- Sleep: I slept enough to be rested and productive during both days. The theme was announced at 3AM in my time zone, but I decided to sleep, instead of waiting for the theme. That was a good call. Sleep deprivation is really bad for your brain.
- Tools and Technology: I used Visual Studio with ReSharper (VS without R# is crap, it’s a fact), programmed in C# / XNA, used GIMP for graphics, and BFXR for audio. By saying that GIMP went right I mean – I struggled a bit, but found my way around it. By saying BFXR was a good tool I mean that I’m deaf as a doorpost and I have managed to get some sound out of it. There is bad side to XNA which I’ll address below.
- Source Control: I used a repository for my LD48 code. That gave me the comfort of having an off-site backup, and comfort of being able to screw up without risking losing all my work. Also, for free, I just needed to post a link to the repository and I was done with publishing the source code.
- Focus and Motivation: Most of the time I was focused on creating the game, and limited distractions to the minimum. On the first day I blogged about my progress a bit, logged on to IRC for a second, tweeted, followed others’s progress, etc. I had a longer lunch break and ate out. On the second day I was more focused, never got on IRC, ate at home, stayed away from Twitter and from blogging. This helped me to get into the “zone” ans stay there.
- Time Lapse: This deserves to be put in bold and all caps: RECORD A TIME LAPSE, IT HELPS YOU COMPLETE A GAME. There. Now that I have your attention, let me explain. First of all, you have a “I’m being watched” syndrome and you focus on the game, as you know… Your private chats, and messing around the internet are going to be recorded. So you don’t do that. (To be fair, I have to admit that I cheated, as I recorded only a single monitor in my time lapse). But the other, and probably more important part is – when you watch your time lapse, you can see how much time you have wasted on doing stuff that you didn’t really need. That’s a great resource, for you, and for others as well. More on this below.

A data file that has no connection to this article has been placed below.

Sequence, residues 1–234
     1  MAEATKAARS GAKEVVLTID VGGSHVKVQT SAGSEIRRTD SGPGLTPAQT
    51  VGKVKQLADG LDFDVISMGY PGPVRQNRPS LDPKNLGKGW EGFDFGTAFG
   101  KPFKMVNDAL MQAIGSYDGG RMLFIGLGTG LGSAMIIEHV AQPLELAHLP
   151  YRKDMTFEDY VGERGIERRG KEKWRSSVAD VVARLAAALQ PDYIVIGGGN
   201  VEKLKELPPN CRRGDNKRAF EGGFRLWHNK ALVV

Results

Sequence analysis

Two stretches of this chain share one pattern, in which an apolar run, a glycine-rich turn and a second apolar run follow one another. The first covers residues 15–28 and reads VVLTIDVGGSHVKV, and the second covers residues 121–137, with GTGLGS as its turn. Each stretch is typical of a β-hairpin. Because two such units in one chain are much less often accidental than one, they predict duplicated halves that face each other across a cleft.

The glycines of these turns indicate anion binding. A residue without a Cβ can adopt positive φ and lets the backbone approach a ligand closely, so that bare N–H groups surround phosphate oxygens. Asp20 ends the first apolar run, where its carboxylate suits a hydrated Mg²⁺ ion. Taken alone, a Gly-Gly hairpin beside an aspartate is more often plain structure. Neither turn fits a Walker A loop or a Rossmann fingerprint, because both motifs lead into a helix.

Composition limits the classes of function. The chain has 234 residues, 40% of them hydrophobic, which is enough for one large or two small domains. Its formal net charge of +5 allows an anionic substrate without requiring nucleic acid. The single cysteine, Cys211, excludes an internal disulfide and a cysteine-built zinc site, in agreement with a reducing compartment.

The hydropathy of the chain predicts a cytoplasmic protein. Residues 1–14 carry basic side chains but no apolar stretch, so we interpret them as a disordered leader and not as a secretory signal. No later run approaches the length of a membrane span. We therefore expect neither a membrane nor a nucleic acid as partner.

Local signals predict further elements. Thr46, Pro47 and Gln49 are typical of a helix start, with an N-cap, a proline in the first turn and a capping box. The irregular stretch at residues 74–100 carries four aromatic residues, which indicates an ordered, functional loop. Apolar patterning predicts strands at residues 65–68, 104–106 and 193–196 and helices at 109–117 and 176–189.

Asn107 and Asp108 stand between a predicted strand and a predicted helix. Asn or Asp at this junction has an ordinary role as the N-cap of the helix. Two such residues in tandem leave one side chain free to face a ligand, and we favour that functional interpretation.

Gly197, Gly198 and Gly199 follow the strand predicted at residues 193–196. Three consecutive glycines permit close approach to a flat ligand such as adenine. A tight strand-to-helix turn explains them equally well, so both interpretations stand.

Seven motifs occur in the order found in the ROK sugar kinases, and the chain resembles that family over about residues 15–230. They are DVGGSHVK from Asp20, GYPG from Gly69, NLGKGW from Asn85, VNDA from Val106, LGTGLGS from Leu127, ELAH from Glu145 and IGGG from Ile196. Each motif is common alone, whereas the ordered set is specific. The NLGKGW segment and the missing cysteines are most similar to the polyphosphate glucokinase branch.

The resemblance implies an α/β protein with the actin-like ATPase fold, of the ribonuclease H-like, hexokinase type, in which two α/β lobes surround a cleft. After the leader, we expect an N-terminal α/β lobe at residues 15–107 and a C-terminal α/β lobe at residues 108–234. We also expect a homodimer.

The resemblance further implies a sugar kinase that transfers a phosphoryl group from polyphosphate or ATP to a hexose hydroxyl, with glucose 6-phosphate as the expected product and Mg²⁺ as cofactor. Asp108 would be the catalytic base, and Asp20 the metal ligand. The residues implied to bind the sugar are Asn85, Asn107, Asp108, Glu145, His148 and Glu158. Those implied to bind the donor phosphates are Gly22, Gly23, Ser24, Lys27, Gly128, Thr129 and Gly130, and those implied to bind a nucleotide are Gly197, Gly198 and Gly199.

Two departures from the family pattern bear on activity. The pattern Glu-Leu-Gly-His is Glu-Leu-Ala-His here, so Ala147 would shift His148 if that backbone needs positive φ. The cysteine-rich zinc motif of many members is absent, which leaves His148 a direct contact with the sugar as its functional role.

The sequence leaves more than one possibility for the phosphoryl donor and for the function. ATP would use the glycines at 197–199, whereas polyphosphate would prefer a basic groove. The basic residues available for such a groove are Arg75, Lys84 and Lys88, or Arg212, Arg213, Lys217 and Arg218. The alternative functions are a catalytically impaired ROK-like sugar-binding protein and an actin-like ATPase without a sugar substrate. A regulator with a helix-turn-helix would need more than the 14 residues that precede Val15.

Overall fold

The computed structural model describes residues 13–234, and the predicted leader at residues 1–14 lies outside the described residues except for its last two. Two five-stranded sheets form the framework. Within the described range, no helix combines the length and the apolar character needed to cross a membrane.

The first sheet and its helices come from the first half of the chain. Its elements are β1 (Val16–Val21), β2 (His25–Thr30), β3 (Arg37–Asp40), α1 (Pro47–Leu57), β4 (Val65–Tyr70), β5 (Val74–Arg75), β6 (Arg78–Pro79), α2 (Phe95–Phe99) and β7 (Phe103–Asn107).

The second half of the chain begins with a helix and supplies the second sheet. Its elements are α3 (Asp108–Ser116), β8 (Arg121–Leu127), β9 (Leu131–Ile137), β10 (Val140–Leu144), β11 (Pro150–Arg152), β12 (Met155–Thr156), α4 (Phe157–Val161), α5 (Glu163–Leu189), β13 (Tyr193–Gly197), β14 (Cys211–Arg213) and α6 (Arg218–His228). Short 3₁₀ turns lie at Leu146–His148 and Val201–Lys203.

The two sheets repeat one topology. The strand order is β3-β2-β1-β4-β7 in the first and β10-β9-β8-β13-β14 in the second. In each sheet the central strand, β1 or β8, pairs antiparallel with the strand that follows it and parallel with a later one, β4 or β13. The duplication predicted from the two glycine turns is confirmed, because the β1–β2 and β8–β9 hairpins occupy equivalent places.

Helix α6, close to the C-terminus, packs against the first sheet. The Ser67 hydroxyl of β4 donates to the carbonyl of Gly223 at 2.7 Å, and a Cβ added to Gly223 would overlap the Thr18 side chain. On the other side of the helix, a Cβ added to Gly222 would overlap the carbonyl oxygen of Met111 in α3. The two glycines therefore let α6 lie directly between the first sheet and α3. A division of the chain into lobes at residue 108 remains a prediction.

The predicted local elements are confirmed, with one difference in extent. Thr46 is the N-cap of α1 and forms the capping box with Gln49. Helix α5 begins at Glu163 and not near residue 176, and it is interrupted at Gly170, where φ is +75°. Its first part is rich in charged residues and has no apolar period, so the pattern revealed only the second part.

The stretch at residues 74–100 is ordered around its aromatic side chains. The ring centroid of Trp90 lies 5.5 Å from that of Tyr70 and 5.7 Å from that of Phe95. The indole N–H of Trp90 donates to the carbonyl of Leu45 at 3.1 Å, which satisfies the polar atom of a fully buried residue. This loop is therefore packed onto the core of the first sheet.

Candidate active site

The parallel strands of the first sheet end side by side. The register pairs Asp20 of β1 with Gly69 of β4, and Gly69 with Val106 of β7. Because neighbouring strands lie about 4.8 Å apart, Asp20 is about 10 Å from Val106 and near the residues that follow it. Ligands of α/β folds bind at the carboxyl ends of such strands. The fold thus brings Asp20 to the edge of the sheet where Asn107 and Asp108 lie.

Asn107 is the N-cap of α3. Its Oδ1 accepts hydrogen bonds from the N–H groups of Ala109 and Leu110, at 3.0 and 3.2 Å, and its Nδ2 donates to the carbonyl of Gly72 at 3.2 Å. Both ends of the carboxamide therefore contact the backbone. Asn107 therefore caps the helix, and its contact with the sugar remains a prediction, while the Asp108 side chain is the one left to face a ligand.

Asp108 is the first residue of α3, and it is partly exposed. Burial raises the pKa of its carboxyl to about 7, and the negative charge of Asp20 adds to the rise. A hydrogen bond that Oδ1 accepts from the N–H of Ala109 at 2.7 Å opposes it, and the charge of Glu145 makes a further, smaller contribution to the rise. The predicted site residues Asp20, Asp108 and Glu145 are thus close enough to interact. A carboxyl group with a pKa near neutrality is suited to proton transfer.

- No Livestream: Initially I toyed with the idea of live streaming, but decided against it. First of all – I figured it doesn’t serve any purpose that a time lapse does. Second of all – it eats a lot of your resources and your system is a bit less stable. During the coding, last thing you want to see is this:
- Unless you’re me… BSOD intro: this definitely went well. I think I spent about 3 hours making it right and aligning all the pixels. But it felt great to read all the positive comments about it. Being a crap game designer, this intro was my transition into the Tiny World theme, and something that was supposed to grab my player’s attention. It also allowed me to justify using…